Not All Who Wander Are Lost

Not All Who Wander Are Lost
October, 2017 - Mexico

Wednesday, March 29, 2017

Charleston, South Carolina Walking Tour

I found a Groupon for a walking tour with a company called Ashley on the Cooper Walking Tours, a clever name as Charleston is located between the Ashley and Cooper Rivers. On Monday we took their two hour 1 pm tour with Kathy.  She was a fantastic guide, teaching us the history of Charleston in a fun and educational way.

We started near the Circular Church which has been on the site since the late 1600s, but has been rebuilt several times due to fires. There are many old grave markers and vaults dating back to the earliest days of the church.


Charleston has many historic churches. The Cathedral of St. John the Baptist was built in 1890 using sandstone from the northeast similar to brownstone homes. It is beautiful from afar, but even more impressive up close. Each block has hand chiseled stars representing the Bible story where God promises Abraham as many children as there are stars in the sky. The stained glass came from Germany.



 St. Michael's Anglican Church was built around 1752 and is the oldest church in the city. In historic times, families purchased their pew boxes. George Washington and Robert E. Lee both worshiped here (not at the same time, of course). The pulpit is the original. The gold chandelier was originally lit with candles. During the Civil War they painted it black to keep it from being stolen, and it worked.



 In addition to many beautiful churches, we also saw blocks and blocks of the most amazing historic homes. I think Charleston is the most beautifully historic restored city I've ever seen. Many other historic cities have some great historic homes mixed in with newer construction, or the homes are in disrepair. Charleston has done am amazing job of keeping the hold homes in excellent condition.

This is due in great part to a fantastic lady named Susan Pringle Frost who founded the preservation society in Charleston in the 1920s. She and her rich lady friends were instrumental in having many homes restored, maybe the original flippers. She was responsible for the famous Rainbow Row on Bay Street where the homes are painted in vibrant pastel colors. She was also the first president of the Equal Suffrage League.


 This blue frame house is supposedly the oldest home in Charleston from 1691 having survived many fires, hurricanes, floods and anything else Mother Nature could throw at it.


 This bed and breakfast is the John Rutledge House who was a governor of South Carolina and a signer of the Constitution.


 Many of the houses have beautiful flower boxes under the windows and amazing gardens behind their fenced yards.


 I loved this blooming tree with red and white blossoms. Our guide said it was a non fruit bearing peach tree.


 After our tour we walked down to Waterfront Park where there is an amazing pineapple fountain. Pineapples were used as a sign of hospitality and are seen all over the city on wrought iron fences and concrete walls.


We continued to Battery Park where there is this statue to honor Confederate defenders of Charleston. There are many cannons on display all around the park.


South Carolina was the first state to secede from the Federal Union on December 20, 1860. The vote was held on this site which is now a bank (on the left). There is a plaque on the wall. The adjoining buildings are much older, both occupied by law firms. Lawyers are second largest industry in Charleston. Tourism is number one.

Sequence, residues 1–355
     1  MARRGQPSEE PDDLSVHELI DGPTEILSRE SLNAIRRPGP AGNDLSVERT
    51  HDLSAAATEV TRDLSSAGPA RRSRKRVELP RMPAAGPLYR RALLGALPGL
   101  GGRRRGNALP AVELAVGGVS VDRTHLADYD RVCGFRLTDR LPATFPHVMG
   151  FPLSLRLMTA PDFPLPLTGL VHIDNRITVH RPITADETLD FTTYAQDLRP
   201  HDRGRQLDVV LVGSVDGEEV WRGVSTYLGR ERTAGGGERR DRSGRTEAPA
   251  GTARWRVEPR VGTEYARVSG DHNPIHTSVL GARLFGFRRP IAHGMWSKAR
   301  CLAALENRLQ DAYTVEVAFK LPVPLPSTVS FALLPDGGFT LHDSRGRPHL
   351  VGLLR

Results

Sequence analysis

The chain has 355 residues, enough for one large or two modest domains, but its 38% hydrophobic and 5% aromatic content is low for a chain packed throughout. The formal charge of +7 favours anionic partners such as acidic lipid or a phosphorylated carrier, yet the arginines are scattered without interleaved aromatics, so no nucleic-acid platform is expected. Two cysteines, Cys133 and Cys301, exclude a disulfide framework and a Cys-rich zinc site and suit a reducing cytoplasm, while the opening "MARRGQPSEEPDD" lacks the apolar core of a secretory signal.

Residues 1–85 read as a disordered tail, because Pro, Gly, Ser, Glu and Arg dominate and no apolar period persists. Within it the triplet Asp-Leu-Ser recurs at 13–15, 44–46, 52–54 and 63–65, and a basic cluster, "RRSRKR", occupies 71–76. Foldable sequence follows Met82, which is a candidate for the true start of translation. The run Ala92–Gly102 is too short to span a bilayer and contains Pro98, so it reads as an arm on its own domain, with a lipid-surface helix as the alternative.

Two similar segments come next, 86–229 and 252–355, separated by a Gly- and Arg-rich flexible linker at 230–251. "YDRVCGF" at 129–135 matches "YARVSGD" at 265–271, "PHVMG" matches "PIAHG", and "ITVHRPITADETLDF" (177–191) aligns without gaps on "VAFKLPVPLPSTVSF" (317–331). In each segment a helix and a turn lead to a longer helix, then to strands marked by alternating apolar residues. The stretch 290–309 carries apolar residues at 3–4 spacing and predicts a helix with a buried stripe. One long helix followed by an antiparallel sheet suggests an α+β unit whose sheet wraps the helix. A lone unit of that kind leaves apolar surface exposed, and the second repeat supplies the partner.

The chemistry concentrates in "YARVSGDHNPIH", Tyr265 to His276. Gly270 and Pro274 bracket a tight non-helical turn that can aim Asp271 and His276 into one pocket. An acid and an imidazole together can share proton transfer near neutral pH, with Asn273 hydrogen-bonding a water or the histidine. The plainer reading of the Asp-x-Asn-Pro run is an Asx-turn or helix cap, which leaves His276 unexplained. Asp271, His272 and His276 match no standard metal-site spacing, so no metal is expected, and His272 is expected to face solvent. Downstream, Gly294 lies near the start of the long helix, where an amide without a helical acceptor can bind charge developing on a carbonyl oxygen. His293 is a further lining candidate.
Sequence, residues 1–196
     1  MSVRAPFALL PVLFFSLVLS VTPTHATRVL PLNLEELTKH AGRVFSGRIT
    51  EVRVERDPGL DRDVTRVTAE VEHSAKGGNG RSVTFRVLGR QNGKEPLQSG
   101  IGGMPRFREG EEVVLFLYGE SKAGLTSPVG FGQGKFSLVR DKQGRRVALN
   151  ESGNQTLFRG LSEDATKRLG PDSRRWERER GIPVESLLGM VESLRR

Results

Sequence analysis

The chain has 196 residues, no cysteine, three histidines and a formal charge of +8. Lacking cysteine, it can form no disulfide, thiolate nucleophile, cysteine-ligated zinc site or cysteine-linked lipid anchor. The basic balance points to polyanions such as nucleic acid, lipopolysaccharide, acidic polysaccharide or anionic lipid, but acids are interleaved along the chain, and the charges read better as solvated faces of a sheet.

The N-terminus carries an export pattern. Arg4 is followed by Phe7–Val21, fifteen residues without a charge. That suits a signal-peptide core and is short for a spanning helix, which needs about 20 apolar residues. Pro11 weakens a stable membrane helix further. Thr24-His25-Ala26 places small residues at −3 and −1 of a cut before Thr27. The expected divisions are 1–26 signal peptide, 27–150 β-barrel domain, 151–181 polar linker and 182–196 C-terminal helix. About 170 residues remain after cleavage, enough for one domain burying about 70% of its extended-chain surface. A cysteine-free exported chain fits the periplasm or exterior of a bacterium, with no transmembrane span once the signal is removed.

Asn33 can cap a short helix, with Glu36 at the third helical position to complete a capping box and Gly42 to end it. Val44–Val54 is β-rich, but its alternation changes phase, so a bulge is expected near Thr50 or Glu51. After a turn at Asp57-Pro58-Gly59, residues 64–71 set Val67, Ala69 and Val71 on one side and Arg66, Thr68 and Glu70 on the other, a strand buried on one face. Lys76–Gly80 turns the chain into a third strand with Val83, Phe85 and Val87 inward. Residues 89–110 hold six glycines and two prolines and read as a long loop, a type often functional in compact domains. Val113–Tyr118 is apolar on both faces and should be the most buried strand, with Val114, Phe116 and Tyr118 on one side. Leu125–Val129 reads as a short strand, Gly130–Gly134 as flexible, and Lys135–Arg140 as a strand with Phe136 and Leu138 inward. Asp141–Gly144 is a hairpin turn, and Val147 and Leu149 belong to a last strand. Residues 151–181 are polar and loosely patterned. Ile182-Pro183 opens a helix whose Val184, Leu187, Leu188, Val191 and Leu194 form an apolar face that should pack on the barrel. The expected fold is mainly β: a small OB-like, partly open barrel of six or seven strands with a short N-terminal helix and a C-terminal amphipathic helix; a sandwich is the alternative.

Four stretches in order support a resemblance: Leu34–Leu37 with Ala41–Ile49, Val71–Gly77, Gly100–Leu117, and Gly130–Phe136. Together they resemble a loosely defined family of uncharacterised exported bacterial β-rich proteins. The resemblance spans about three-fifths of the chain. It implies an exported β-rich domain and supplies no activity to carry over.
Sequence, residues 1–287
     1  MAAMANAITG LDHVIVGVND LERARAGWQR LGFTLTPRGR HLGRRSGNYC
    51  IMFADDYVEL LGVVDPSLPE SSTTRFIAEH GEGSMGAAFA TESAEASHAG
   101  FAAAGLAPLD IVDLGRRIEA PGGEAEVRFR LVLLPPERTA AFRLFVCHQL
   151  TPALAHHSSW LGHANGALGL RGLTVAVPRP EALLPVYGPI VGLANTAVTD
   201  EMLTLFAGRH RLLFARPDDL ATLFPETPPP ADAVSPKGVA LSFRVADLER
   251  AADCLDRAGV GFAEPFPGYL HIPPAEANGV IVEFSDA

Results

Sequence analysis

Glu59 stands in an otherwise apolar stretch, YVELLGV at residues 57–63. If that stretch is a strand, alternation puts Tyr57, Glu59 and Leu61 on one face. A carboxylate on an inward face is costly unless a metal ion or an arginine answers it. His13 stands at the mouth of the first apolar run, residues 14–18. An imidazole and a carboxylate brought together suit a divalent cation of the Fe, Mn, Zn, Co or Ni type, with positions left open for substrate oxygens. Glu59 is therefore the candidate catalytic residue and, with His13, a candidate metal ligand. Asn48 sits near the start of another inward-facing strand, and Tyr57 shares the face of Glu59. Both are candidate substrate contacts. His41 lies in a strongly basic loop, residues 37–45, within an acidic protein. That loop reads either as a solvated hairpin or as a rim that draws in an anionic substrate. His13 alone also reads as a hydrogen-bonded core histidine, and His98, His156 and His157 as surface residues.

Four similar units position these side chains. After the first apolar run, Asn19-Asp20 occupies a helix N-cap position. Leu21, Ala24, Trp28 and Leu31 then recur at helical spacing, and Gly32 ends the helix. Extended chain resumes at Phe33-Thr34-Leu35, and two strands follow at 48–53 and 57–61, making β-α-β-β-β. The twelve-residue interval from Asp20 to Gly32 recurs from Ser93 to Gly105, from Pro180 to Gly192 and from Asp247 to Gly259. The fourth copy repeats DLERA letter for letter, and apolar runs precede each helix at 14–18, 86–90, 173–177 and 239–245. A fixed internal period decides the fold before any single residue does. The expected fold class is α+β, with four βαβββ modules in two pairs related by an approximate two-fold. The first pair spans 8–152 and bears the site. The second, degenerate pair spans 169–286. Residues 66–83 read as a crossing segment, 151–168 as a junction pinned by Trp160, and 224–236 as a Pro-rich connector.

We've toured several cities on trolley tours which are fun and informative. If we can find a walking tour, we prefer it because there is more time for the guide to give you in-depth information. Charleston does not have trolley tours. Instead, they use horse drawn carriage tours which are much quieter and cause less traffic problems. The horses wear bags to catch their poop. If the horse pees on the street, the driver drops a marker and street cleaners with a water tank spray it down at night so the streets don't small like a stable.


We stopped at the Fort Sumter Visitor Center on the mainland. The fort is actually on an island quite a ways out into the harbor. Ferry rides are available, but at $21 per person, we just weren't that interested. We've been to quite a few old forts in our travels. Fort Sumter is famous for the place where the first shot of the Civil War was fired  on April 12, 1961 by Confederates onto the fort which was occupied by the North. The fort fell quickly to the south giving the Confederates a strategic port. It stayed in southern control until 1865 despite repeated attempts by the north to take siege. It was severely damaged by over 20 months of bombardment.


George Washington visited Charleston in 1791 for a few weeks. He was treated as a hero with many balls given in his honor. Washington Park has a statue of him and a 1/30 scale reproduction of the Washington Monument.


One story is that he so much admired the Charleston County Courthouse, that he asked the architect James Hoban to design the White House.


I took many more pictures, but I'll stop here. I thoroughly enjoyed my day in Charleston, and would highly recommend it as a place for everyone to visit. We just scratched the surface of what there is to do.

Don’t wish upon a star – Reach for one!

2 comments:

  1. It's been a few years since we've been to Charleston. It is a wonderful city full of history!! You did a great job with your post and the information. You've got me wanting to return!!

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  2. We also need to revisit Charleston. I remember the last time we were there, and we had said then that we needed to spend more time exploring!

    www.travelwithkevinandruth.com

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